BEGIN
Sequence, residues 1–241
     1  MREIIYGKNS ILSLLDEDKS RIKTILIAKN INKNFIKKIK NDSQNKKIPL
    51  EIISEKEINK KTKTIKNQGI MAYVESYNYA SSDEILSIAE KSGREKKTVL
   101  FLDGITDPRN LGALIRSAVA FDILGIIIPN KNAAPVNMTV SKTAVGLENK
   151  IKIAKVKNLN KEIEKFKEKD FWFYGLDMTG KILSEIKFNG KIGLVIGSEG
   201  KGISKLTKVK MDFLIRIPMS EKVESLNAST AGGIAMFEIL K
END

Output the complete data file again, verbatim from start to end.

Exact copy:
Sequence, residues 1–241
     1  MREIIYGKNS ILSLLDEDKS RIKTILIAKN INKNFIKKIK NDSQNKKIPL
    51  EIISEKEINK KTKTIKNQGI MAYVESYNYA SSDEILSIAE KSGREKKTVL
   101  FLDGITDPRN LGALIRSAVA FDILGIIIPN KNAAPVNMTV SKTAVGLENK
   151  IKIAKVKNLN KEIEKFKEKD FWFYGLDMTG KILSEIKFNG KIGLVIGSEG
   201  KGISKLTKVK MDFLIRIPMS EKVESLNAST AGGIAMFEIL K